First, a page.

Installing Heat and Sound Insulation By Jim Clark (The Hot Rod MD)
The exhaust on my roadster is routed close to the floorboards creating a potential heat problem. This is not that big a deal in an open car but a lot of heat against the underside is still undesirable. Padding under the carpet would cut down on this, but a better solution is the application of a thermal-insulating heat barrier like HushMat.
In the past I had a bad experience with exhaust heat against the floorboard of a 1970 Ford van that demonstrates the need for this type of installation. Tom McMullen and I were traveling from L.A. to Peoria, IL to cover the opening of a new AEE Choppers dealership and chopper gathering for "Street Chopper” magazine. We loaded two choppers in the back of a van along with our clothes and camera gear. The muffler on the van was located close to the floor on the right side next to the slider-door creating a hot spot on the bare metal floorboard. We placed our luggage, consisting of two brown paper grocery bags containing our change of clothes, right over the spot. At the time we were not aware of the fact that Tom's wife Rose had left frozen chicken necks in the bottom of the bag when she packed his clothes in them.
The frozen chicken necks were for feeding Tom's pet cougars and she had forgotten to remove them from the bag after returning from shopping. We placed them in the van right above the hot spot where they began slowly thawing out. At first we thought some kind of dead critter was stuck up against the exhaust or hot engine creating a foul odor. We checked underneath the van but found nothing. Finally, as we were driving through the night in the middle of Kansas, we couldn’t take the smell anymore and decided to pull over. We searched the van until we found the source of the awful stench. When Tom lifted the bag the wet bottom of the bag tore loose dropping the chicken necks on the ground. They had thawed and started decomposing over the hot spot. Once we removed them we were able to continue on our trip.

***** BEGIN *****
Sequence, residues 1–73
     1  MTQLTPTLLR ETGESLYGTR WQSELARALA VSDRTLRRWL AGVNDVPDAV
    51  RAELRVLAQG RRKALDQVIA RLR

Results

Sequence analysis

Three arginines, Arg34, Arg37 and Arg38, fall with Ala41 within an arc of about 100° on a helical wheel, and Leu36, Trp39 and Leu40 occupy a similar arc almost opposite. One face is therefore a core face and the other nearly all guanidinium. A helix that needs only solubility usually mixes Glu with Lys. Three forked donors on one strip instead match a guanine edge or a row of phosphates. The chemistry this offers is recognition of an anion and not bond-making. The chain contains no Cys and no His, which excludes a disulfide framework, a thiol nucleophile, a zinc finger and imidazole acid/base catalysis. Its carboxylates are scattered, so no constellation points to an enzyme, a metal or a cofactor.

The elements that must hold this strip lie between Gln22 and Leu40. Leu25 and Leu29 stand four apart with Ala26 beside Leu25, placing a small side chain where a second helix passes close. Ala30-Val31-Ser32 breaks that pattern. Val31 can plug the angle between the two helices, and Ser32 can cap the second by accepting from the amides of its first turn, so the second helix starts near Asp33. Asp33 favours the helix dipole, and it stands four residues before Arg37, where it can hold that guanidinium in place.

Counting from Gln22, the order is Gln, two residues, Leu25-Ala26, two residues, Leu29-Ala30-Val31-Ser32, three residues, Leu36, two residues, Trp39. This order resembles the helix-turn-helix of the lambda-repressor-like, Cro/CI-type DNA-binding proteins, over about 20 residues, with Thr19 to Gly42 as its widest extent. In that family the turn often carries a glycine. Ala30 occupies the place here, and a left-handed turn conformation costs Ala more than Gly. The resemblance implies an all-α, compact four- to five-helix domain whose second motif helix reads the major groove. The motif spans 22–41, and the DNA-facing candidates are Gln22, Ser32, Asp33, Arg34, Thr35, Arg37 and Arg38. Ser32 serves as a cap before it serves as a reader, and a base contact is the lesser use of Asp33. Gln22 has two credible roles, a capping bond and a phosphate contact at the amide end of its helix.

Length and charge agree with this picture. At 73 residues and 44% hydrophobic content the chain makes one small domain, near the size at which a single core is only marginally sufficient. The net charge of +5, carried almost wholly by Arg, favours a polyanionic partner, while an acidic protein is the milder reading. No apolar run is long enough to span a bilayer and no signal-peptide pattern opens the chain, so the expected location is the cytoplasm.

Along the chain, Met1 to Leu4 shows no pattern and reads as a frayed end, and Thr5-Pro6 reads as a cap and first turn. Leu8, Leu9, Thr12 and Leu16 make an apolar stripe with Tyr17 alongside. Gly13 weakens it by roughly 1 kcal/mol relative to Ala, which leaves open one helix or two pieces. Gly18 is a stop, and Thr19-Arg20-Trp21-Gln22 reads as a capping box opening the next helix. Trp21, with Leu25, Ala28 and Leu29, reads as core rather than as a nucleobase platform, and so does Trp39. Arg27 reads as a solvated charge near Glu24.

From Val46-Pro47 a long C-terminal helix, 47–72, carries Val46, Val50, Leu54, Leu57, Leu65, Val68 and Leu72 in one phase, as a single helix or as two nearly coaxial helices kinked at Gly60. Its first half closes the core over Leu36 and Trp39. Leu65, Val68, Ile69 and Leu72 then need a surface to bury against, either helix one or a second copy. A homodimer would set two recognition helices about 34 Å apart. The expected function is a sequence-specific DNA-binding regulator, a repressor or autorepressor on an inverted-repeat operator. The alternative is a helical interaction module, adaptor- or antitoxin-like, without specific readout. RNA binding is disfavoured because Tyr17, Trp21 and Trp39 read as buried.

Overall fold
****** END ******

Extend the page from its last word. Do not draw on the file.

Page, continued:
I don't anticipate any long high-speed runs like that in the roadster, but expect the Magna-Flows mounted close to the floorboard will give off a fair amount of heat. To combat this I installed the sound deadening and thermal insulation material HushMat Ultra on the firewall, floorboards and interior surfaces of the body. It's an adhesive-backed foil that sticks tenaciously to most any surface reducing thermal transfer by over 400 percent. One layer can reduce firewall heat by over 40 percent. It forms well around irregular surfaces and changes the hollow sound of sheetmetal to a solid "thunk". The sound attenuating features are not as noticeable in an open car but the harmonic drivetrain noises are not as readily transferred to the occupants.